* I am using the conventional and convenient terminology that refers to the number of Upper House seats that are up for election every three years in each prefecture, and not the actual number of seats allocated to the prefecture, which is double that number. This is significant, as we shall see later.The last surveys showed the DPJ dominating in the one-seat districts to the northeast and the LDP prevailing in the southwest. The historical contrast between the poorer, more radical north and the wealthier, more conservative south continues to resonate in the battle between the two top vote-getters. Not that I’m ready to read anything of long-term significance into this, but I do know that I have to rethink my comment about the periphery.
The two-seat districts are basically a wash between the DPJ and the LDP. No wonder, when a party needs twice the votes of your closest opponent plus a comfortable cushion (unless you could somehow engineer a perfect 1:1 split of the votes, a feat not even the Sokagakkai could accomplish) to take both. Under a two-party system, the two-seat districts matter mostly as a source of votes for the national proportional election, nothing more. And you don’t want to give up a good day job to stand as the non-incumbent on the prefectural ticket unless you can earn a good chance of being placed on the House of Representatives ticket the next time around—or if the incumbent is somehow very vulnerable. Otherwise, you’re little more than a stalking horse for the candidates on the national ticket.
Of the five three-seat districts, three (Chiba, Saitama, and Kanagawa; the others are Aichi and Osaka) are the Kanto prefectures closest to Tokyo. (By contrast, a couple of more distant Kanto prefectures, Tochigi and Gunma, dropped from two seats to one each in the 2007 election. Each of the two now has three Councillors in the Upper House and will drop to two after this election.) Add Tokyo’s five, and we have as good an index of Tokyo-centricity as there is. There are many, often interrelated, reasons for this, but I’d say natural geography (Kanto is huge and relatively flat), the choice of Edo, later Tokyo, as Japan’s capital, and the post-war explosion in public transport are the three major factors.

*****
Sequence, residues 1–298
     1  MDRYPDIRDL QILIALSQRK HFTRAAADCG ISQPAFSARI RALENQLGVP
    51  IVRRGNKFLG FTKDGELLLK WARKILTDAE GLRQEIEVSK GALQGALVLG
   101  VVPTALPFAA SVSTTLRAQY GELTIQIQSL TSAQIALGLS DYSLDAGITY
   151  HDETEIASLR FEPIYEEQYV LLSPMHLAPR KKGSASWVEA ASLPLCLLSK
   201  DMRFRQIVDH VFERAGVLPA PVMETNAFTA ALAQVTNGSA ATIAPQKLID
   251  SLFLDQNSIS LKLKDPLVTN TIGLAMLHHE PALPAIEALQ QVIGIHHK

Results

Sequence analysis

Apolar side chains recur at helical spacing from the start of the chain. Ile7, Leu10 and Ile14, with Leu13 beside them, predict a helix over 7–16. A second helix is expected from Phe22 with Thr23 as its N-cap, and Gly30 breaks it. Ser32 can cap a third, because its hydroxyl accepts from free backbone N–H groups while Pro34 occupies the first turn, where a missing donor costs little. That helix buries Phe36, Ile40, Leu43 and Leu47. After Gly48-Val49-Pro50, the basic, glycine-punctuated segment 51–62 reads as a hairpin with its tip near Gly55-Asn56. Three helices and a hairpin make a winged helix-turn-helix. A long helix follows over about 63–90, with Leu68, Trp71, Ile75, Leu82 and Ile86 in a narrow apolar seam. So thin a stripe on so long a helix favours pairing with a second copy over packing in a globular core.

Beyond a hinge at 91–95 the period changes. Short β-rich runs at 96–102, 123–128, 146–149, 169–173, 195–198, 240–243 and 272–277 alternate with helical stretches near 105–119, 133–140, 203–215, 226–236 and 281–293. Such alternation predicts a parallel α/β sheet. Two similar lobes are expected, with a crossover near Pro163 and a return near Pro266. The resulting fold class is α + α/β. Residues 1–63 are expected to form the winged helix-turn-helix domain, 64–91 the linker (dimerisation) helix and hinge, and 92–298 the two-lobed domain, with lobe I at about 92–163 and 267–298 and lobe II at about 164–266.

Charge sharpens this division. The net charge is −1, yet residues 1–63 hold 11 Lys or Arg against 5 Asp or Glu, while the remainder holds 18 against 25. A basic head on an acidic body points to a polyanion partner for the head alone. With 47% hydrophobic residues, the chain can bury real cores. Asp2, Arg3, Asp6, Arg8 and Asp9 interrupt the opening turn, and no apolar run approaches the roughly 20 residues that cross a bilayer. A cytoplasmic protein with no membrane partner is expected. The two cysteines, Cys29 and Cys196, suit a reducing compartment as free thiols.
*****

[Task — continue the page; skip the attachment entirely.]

I mentioned in passing that Gunma and Tochigi Prefectures are being downsized from four seats in the House of Councillors to two through the 2007 and 2010 elections. They talk about overrepresentation of the peripheral in the Diet, particularly in the Upper House, where each prefecture must be represented by at least one member per triennial election. But the Gunma and Tochigi examples show that the one per election requirement can create wrenching changes in representation in the peripheral as well. What will the prefectural districts look like in twenty years under current rules if current demographic trends continue? The DPJ and LDP are in an unspoken conspiracy to shake out the smaller parties in the name of sacrifice by the political class by cutting back on the national proportional seats. I don’t have a position on that, but I think that a revision of the a-seat-in-every-election rule should come first. More fundamentally, the place of prefectures in the Japanese body politics needs to be revisited.
I went and cast my two typical floater ballots today, which may account for my unusually prescriptive comments today. I took along an American political scientist along for a look-see and had a long conversation with him after that, which may also be affecting me. Incidentally, the election officials were nice about the presence of an uninvited observer, but did not allow the academic to take photos. And the guy—the professor, not the election official—wants to see you, Jake, before he goes back to the States. Hope you can find the time for him. Hope you come Friday too.